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Escom employees threaten strike

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About 2,500 employees of the Electricity Corporation of Malawi (Escom) across the country have threatened to go on strike, by Monday next week, if government fails to come out clear on the splitting of the utility body.

Government through the Ministry of Energy intends to unbundle Escom into two entities with one focusing on power generation and the other dealing with transmission and distribution to increase efficiency in the sector.

The development has brought anxiety among workers at the parastatal as they fear for their jobs and they have been demanding to be paid separation packages.

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The workers have made their stand in a statement that The Daily Times has seen.

“We Escom members of staff hereby sincerely notify the general public that we are to withdraw our labour at the expiry of our notice period (30th November 2015) served to our employers and government following the failure by Ministry of Labour to reconcile the two parties,” reads part of the statement which has been signed by Escom Workers Union President and Secretary General Patrick Nadzanja and Joseph Kamwendo, respectively.

According to a model that was to be used to split Escom, the corporation will cease to exist and two new companies.

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But a considerable period of time and discussions, government adopted a different model for the unbundling that will maintain the distribution and transmission units within the restructured Escom and include two more business units and a separate company for generation of electricity.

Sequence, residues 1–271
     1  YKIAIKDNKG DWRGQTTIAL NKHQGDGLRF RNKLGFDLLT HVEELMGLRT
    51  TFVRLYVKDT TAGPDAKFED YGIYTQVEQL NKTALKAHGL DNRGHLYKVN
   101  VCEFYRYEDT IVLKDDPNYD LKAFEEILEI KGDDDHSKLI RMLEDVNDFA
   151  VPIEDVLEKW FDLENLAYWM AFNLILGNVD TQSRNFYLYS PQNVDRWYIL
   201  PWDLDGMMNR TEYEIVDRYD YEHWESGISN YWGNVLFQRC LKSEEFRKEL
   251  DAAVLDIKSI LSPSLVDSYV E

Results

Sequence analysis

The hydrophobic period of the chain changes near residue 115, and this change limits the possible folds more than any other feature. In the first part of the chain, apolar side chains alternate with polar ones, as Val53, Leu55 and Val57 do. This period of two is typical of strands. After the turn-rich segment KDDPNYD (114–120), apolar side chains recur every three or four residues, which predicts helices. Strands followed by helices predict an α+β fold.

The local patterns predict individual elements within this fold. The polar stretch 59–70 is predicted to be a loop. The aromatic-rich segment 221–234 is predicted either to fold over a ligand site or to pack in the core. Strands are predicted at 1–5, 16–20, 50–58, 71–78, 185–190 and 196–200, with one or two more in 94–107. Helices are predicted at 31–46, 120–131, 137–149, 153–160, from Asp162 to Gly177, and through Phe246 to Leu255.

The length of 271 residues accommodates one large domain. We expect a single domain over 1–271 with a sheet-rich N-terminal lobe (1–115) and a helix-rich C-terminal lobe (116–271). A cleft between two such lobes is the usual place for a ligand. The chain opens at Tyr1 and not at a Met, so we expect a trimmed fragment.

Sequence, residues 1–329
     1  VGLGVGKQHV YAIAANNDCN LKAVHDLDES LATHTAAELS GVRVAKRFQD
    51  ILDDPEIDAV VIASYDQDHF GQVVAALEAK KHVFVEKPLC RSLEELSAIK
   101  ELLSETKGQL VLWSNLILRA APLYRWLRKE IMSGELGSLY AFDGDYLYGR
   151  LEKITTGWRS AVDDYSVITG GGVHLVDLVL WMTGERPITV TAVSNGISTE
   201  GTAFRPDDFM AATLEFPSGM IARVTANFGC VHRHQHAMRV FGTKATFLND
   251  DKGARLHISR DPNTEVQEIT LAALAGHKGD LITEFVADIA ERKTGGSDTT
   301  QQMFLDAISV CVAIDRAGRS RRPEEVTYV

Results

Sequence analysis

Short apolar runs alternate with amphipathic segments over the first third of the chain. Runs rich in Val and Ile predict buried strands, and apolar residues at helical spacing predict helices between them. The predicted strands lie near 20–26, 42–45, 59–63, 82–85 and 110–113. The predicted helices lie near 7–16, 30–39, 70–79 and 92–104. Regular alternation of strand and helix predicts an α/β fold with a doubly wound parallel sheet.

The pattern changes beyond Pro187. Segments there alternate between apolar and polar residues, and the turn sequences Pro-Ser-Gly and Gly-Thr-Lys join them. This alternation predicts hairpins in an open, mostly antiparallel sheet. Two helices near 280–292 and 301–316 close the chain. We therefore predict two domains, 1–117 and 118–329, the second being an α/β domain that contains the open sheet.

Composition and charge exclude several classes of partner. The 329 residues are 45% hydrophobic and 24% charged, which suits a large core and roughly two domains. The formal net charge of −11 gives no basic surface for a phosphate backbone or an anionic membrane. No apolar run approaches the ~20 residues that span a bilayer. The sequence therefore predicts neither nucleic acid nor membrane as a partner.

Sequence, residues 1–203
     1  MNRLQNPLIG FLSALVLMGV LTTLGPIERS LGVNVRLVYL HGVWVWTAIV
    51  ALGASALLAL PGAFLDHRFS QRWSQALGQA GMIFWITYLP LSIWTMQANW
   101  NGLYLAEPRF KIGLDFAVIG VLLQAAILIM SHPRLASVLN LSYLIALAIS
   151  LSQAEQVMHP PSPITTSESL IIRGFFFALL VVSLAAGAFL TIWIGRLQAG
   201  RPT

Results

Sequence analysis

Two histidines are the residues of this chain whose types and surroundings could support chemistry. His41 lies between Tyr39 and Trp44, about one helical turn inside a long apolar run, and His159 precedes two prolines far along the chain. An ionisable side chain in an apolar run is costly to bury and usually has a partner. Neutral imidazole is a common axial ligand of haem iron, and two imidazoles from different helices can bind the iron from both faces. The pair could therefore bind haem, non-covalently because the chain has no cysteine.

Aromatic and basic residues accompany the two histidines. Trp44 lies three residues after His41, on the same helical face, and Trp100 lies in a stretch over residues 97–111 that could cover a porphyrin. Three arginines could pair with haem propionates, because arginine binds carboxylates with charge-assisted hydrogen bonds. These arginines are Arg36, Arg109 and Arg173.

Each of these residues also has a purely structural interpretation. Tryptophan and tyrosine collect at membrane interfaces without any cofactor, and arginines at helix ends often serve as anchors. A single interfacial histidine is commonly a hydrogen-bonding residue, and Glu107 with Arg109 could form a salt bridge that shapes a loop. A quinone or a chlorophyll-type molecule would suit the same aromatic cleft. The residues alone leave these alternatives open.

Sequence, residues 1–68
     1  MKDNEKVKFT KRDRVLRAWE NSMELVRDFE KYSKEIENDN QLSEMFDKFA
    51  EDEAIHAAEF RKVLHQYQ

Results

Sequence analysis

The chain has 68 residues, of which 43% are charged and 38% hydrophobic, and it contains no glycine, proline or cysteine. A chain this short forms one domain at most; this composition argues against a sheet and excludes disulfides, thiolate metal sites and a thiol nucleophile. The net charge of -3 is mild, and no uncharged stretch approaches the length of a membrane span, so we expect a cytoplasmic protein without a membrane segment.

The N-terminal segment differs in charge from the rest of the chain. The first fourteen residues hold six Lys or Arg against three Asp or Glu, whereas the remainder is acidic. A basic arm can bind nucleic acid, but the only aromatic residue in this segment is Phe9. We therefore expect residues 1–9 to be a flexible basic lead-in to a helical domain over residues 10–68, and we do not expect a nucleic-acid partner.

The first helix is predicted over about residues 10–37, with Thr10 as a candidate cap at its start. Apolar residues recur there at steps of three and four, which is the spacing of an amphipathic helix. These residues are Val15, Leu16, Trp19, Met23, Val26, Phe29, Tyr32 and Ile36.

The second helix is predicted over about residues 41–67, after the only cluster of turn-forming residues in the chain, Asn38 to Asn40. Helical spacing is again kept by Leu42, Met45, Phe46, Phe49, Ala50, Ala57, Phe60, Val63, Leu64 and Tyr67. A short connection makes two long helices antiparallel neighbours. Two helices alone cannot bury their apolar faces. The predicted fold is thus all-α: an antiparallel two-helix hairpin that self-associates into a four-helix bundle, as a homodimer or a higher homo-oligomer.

“Having noted the uncertainty in job security after the unbundling and the previous negative experiences of employees after restructuring of government entities and the reluctance to issue individual letters to employees of assurance of continued employment and maintenance of the prevailing conditions of service, we members of staff at Escom declared a dispute with the Principal Secretary for Labour and invoked all necessary procedures for mediation as stipulated in the Labour Relations Act,” the statement states.

It goes on to say staff at the utility company hope that the Principal Secretary who is the only arbitrator in labour disputes would facilitate a tripartite negotiation for a possible resolution of the labour dispute. Unfortunately, states the statement, recommendations provided by a representative of the Ministry have not been followed by those in authority.

Reads the statement: “We, therefore, write to sincerely assure the general public that we are not in any way going to shut down our valuable hydro generating machines, but rather completely withdraw our much required labour as this is what all members of staff have unanimously agreed to do in order that fairness and justice should prevail to Escom employees.”

While acknowledging that the employees had served government with the notice of withdrawal of labour, Kamwendo said all negotiation channels remain open.

“As staff, we would like to see the company operating efficiently, but at the same time we also want fairness and justice to prevail. So though we have served government with this notice, all negotiation channels remain open. We will keep on engaging government on this,” he said in a telephone interview.

Meanwhile, spokesperson for Energy Joseph Kalowekamo has maintained that the split will not affect any jobs.

“As government, we would like to assure Escom staff that the unbundling will not affect their jobs. If anything, it will create job opportunities because the new company which will come out of Escom will need new administrators and accountants just to mention a few,” said Kalowekamo.

According to Kalowekamo, the Millennium Challenge Corporation (MCA) is providing technical and financial support for the split.

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